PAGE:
Teach about African-American history with these 14 children's books
Posted February 11
February is African-American History Month, closely following the observance of Dr. Martin Luther King's birthday in January.
According to africanamericanhistorymonth.gov, the month is a time people across America as well as multiple government organizations "join in paying tribute to the generations of African-Americans who struggled with adversity to achieve full citizenship in American society."
In honor of those who made such a difference and sacrificed for America, here are some recently released related children's books adults can use to teach the young ones in their lives about the importance of freedom and equality.
In "Freedom Over Me," a story titled after the civil rights anthem "Oh Freedom!," Ashley Bryan brings to life the Fairchilds' appraisement of their estate in 1828, which lists each of the family's 11 slaves and assigns them values along with their livestock and cotton. Bryan took this list of the slaves' names and gave each an age, a skill and a story. He painted their pictures and wrote in free verse about his ideas of what their lives, thoughts and dreams would have been like.
The beautiful, simple poetry and colorful artwork bring close to home the life of a slave in America almost 200 years ago. Through his writing and artwork, Bryan imagines the slaves' African history and traditions and the fulfillment they got from their work and family connections — always with the overriding hope for freedom. This would be an instructional book for any child to help make slavery in America more than just an idea, but something that happened to real people.
This condensed biography "Frederick Douglass: The Lion Who Wrote History" by Walter Dean Myers attempts to show children how one man, born in the lowest of circumstances as a slave, taught himself to read, escaped to freedom and used his life to ultimately contribute to black men being able to join the Union Army and even to help end legal slavery in the U.S.
Most appropriate for more advanced and curious readers, this educational book is filled with beautiful illustrations by Floyd Cooper, but it also has big blocks of text that could turn off or bore the less advanced readers. Those able to get into Douglass' story will find much to inspire them, as it shows how no matter what life hands a person to start with, everyone can make a difference in the world.
For most of his life, Stephen Bishop was a slave tasked with leading tourists through the 400-mile wonders of Mammoth Cave in southwestern Kentucky. He became an expert on this destination that brought visitors from around the world. He discovered eyeless fish and albino crawdads within the cave and crossed chasms experts had previously declared uncrossable.
"Lift Your Light a Little Higher" is written in second person, directly addressing the reader in what author Heather Henson imagined as Stephen's own dialect, attempting to give him a voice history has forgotten. She demonstrates the idea that, while wandering those caves, Stephen had a small glimpse of what it was to be free.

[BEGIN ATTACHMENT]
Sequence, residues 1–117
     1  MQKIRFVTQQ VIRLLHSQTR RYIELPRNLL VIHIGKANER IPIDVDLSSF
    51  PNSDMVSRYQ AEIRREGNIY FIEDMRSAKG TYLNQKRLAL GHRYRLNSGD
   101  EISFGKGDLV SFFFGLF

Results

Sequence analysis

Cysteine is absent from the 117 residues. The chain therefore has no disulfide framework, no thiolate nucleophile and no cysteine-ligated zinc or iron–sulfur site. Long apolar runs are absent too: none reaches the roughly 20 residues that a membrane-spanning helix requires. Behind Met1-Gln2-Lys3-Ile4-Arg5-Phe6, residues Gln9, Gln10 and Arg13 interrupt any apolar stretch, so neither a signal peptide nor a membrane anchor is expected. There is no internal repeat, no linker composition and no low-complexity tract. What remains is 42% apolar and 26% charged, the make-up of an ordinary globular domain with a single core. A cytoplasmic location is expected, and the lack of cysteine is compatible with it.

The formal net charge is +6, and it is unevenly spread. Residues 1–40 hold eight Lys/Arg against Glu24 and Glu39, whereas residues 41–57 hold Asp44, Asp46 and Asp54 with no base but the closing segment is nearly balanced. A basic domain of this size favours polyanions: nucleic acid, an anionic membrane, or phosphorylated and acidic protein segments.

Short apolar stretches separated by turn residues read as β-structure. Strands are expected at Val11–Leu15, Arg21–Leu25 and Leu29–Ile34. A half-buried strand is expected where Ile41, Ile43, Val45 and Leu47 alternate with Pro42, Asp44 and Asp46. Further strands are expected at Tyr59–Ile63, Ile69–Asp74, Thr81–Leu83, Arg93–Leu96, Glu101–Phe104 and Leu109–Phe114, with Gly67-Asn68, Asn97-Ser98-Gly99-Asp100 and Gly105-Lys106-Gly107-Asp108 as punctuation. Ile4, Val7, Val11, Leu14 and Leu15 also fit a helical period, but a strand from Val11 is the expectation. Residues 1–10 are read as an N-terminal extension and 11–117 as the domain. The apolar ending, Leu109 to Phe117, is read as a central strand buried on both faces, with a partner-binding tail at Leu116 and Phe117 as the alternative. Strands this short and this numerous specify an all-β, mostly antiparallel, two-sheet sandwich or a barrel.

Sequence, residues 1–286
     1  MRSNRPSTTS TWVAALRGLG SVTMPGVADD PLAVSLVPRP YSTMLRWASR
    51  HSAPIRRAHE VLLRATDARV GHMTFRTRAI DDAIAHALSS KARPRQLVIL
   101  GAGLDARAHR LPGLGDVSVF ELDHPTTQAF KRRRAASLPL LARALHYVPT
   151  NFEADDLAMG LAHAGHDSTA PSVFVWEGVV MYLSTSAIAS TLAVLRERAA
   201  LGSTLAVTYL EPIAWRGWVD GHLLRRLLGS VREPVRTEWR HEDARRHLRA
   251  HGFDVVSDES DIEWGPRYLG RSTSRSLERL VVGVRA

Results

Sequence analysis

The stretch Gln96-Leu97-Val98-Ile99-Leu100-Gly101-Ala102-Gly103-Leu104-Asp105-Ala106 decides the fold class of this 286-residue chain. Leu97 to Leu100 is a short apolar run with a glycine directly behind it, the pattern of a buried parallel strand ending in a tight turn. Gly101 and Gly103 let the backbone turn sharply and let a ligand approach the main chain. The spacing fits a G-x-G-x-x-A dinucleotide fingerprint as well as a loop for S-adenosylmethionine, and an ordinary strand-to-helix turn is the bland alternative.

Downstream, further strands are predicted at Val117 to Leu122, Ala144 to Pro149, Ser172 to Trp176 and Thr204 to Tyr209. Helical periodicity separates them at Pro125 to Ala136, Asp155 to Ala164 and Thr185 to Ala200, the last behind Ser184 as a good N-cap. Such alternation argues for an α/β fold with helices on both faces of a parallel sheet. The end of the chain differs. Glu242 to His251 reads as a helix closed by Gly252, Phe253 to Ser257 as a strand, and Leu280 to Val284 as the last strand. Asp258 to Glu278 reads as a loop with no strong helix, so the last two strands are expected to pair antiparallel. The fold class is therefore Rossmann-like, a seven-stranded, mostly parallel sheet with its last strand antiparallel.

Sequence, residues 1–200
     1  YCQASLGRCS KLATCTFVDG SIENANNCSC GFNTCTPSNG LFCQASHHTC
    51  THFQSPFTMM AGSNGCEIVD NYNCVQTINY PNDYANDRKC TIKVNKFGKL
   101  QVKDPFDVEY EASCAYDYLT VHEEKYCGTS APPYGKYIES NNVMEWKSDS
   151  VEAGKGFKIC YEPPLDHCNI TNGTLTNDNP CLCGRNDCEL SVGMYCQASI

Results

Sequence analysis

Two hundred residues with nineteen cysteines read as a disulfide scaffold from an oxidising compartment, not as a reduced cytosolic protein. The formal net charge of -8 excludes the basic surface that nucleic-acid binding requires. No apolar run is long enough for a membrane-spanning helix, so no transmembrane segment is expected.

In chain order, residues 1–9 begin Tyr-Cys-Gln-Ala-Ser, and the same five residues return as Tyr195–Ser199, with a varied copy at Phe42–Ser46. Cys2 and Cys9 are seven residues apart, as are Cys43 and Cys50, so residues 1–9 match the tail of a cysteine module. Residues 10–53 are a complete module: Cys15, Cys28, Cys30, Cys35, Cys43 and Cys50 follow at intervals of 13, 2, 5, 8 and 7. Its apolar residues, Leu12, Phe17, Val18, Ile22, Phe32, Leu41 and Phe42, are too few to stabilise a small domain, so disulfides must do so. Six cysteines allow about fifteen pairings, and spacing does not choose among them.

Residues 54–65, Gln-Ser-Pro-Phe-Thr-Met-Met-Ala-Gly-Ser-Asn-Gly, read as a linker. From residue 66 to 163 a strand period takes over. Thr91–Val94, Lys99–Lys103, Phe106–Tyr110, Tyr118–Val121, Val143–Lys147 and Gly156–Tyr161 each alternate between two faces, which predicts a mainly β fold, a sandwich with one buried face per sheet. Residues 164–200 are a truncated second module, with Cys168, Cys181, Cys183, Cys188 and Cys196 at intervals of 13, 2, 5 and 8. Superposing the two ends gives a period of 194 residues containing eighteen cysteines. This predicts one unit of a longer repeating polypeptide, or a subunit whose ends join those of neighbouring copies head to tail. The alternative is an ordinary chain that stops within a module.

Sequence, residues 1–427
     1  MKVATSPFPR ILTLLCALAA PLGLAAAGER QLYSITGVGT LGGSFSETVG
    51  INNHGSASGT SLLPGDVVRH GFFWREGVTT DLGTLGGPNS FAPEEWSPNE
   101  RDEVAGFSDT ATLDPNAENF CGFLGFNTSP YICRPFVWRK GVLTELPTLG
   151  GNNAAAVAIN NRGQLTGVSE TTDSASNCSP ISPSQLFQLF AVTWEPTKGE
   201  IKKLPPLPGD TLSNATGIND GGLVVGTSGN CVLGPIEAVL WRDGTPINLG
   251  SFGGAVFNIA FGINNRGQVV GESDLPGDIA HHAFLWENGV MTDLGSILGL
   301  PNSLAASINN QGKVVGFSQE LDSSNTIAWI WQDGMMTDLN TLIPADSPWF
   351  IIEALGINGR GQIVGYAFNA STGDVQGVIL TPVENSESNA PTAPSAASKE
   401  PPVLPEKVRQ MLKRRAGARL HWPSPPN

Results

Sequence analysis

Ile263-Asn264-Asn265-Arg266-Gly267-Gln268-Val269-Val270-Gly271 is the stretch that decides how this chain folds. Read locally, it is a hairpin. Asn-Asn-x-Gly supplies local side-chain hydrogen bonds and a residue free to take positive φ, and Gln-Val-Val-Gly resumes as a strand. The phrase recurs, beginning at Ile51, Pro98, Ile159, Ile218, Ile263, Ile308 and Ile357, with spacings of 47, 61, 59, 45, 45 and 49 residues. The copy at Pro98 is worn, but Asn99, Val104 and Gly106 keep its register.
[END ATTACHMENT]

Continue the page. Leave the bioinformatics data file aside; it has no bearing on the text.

The poetic words along with the powerful illustrations by Bryan Collier take the reader on an imaginary tour of the mysterious wonders Stephen witnessed every day and will give children a glimpse into a world they may never have thought of before.
Muhammad Ali, an African-American who was born Cassius Clay and changed his name when he converted to Islam at age 22, was at one point among the most recognizable athletes in the world. His boxing career began when his bicycle got stolen when he was 12 and the policeman to whom he reported the theft happened to run a boxing gym.
"Muhammad Ali" by Gene Baretta not only tells the story of Ali's rise to fame but also tells of his contributions to the civil rights movement as he stood up for what he believed in. Many of the beginning pages feature a date and place, and often a fight. The book is filled with plenty of onomatopoeia — Pow! — and quotes from Ali himself, and the watercolor-like illustrations bring the story to life.
The back two pages give a more detailed historical account of Ali's life, including mentioning his experience of having Parkinson's disease and his death on June 3, 2016.
Illustrations by Elizabeth Zunon that give the impression of cut-out, textured fabric bring life to "The Legendary Miss Lena Horne" by Carole Boston Weatherford, which tells of the inspiring and often sad life of singer and actress Lena Horne. She was one of the few prominent African-American stars in the 1940s, but despite her fame she was often not allowed to eat or stay the night in the all-white neighborhoods where she performed.
As her career progressed, Horne became more and more actively involved in the civil rights movement, often putting her own career on hold, including when she was blacklisted by Congress as a communist. Her tale will give children a very personal, stark view of what life was like for an African-American woman in this era and will bring the reality and necessity of the civil rights movement to the hearts of its readers.
"THE YOUNGEST MARCHER: The Story of Audrey Faye Hendricks, a Young Civil Rights Activist," by Cynthia Levinson, illustrated by Vanessa Brantley Newton, Atheneum Books for Young Readers, $17.99 (nf) (ages 5-10)